Last week we reported on the headway electric vehicles are making in the Netherlands, framing the situation as idyllic for EVs. Less picturesque for plug-in sales is India — a nation that has similarly attempted to encourage the proliferation of electric cars, but with unimpressive results. As it turns out, India makes a stellar counterpoint for worldwide electrification.
Based on the success EVs have seen over the last few years, you’d think the government was asking everyone to start eating hamburgers. Despite having a population of 1.34 billion people, with more of them becoming drivers every day, just 8,000 EVs have been sold in the nation over the last six years.
Eager to avoid further losses in the growth-primed Indian market, Ford has sealed a deal with an automaker that knows its way around the subcontinent: Mahindra & Mahindra.
Originally a partner when Ford cast its line back into India in the 1990s, the two automakers drifted apart, only to grow chummier when Ford’s global streamlining efforts took root. An alliance sprung up in 2017. Now, Mahindra will hold a controlling stake in the new JV, with Ford owning a 49-percent share of the business (while retaining full ownership of the Ford brand). Boosted market share and joint vehicle development tops the Blue Oval’s hopes, and you can bet that new SUVs are on the way.
Three SUVs, to be exact, including a new midsize model that’s all Mahindra underneath.
In this case, the locale is India — birthplace of the EcoSport and a developing, massively populous market with the potential to make automakers a ton of cash. And yet Ford’s efforts to seize a slice of this pie hasn’t born the fruit the Blue Oval initially hoped. Meanwhile, Ford is in the midst of a major global streamlining effort.
What to do?
Partner up. In this case, with a major Indian automaker — Mahindra & Mahindra, builder of SUVs and ATVs, including the adorable, Jeep-like Roxor.
We’ve spent the better part of 2019 describing how unwell the automotive markets of China, Europe and North America have become, which might accidentally lead some to believe that most other markets are performing better. While Brazil expects continued expansion and a presumably healthy 2019, its rosy outlook is unique.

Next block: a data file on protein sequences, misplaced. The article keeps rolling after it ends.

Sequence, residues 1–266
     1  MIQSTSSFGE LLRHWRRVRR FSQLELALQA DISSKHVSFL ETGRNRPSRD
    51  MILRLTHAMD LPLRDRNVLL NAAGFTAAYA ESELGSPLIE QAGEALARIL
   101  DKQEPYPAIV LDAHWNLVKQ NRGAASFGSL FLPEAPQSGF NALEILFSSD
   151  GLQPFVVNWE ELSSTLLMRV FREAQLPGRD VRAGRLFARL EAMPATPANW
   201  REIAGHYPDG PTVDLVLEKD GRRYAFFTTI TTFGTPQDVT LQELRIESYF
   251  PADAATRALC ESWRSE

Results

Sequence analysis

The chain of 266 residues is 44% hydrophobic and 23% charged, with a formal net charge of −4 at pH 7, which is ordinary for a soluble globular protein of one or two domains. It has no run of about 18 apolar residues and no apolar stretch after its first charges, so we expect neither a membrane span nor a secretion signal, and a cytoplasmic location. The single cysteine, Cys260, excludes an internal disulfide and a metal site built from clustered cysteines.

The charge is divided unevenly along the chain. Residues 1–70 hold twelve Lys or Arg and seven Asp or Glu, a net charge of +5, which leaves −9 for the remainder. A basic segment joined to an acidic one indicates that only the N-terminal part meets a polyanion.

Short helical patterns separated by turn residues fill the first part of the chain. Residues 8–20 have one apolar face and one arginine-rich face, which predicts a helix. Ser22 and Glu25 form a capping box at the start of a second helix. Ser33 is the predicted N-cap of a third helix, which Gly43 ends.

Japan saw a modest decline in registrations (just 0.3 percent) through the first half of the year, while Russia recorded slippage of 2.4 percent. But figures from India were far worse. In fact, the country is looking at the biggest sales slump in almost twenty years. Early estimates suggest passenger vehicle registrations may have plunged as much as 30 percent in July, after falling 17.5 percent just a month earlier. Most annual outlooks forecast a double-digit decline in overall sales.
Foreign-market cars are always an interesting case study on these digital pages. The latest craft to catch our eye? The MG Hector, India’s newest family SUV.
When we said that brand, you may have thought we were going to say Britain’s newest family SUV. For that, you are easily forgiven. After all, the Morris Garages name is as quintessentially British as a kidney pie on a foggy morning. The brand was bought ages ago by Chinese interests, of course, and is now making inroads into the Indian market following a tough year of sales in its home country.
To amp things up, they’ve signed the devilishly debonair Benedict Cumberbatch to huck the Hector. About the length of the 2020 Ford Escape, this MG is packed with voice-activated and internet-connected technologies and priced at the equivalent of just $17,600.
Remind me again why cars like this won’t sell on our side of the pond?
By 2020, India is projected to become the world’s third-largest auto market, and it’s a market Ford Motor Company wants to dominate. The past year revealed China can’t be counted on to fill financial sails forever.
With this in mind, Ford is reportedly planning a slew of new small crossovers, and could soon put a billion dollars behind the effort.
While our Ace of Base series delights in revealing just how bargain basement a mainstream vehicle can get, none of those rides hold a candle to the spartan purgatory that was the Tata Nano.
Billed as the world’s cheapest car upon its release in 2008, the Indian-market four-door was tailor-made to lure that country’s growing market of would-be vehicle owners off motorcycles and into a car with two cylinders, 37 horsepower, and a rear hatch that didn’t open.
Not unexpectedly, the vehicle quickly developed a stigma.
China got a headstart in the “countries with over a billion people who suddenly love owning a car” race, but India’s trying its best to catch up.
With a growing pool of consumers ready and willing to hand over cash for a car, Ford Motor Company knows partnering with a local company that knows the lay of the land is a speedier and cheaper route to profits, so last year it formed an alliance with Mahindra Group. You know Mahindra — the company currently building a retro Jeep-shaped ATV for nostalgic Americans.
This week, the two companies further consummated their bond by signing off on the joint development of SUVs.
Every year, nearly 40,000 people lose their lives on American roadways. Tragic as that may be, it’s small potatoes when you consider India hovers around 150,000 annual fatalities. While you could attribute the difference to the 1.32 billion people living in the country, the truth is that car ownership in India is far less common than in the United States.
Here, there are about 255 million functioning vehicles, leaving the majority of the population with access to some form of four-wheeled transportation. However, in India, the number is closer to 55.7 million — which only gives 42 people out of every 1,000 access to an automobile.
Confronted with a situation that can only be described as catastrophic, Prime Minister Narendra Modi is seeking to impose harsher penalties for traffic violations and requiring automakers to add safety features to cars sold within the region. While that’s a fine start, it doesn’t address the core issue: a nationwide lack of discipline behind the wheel.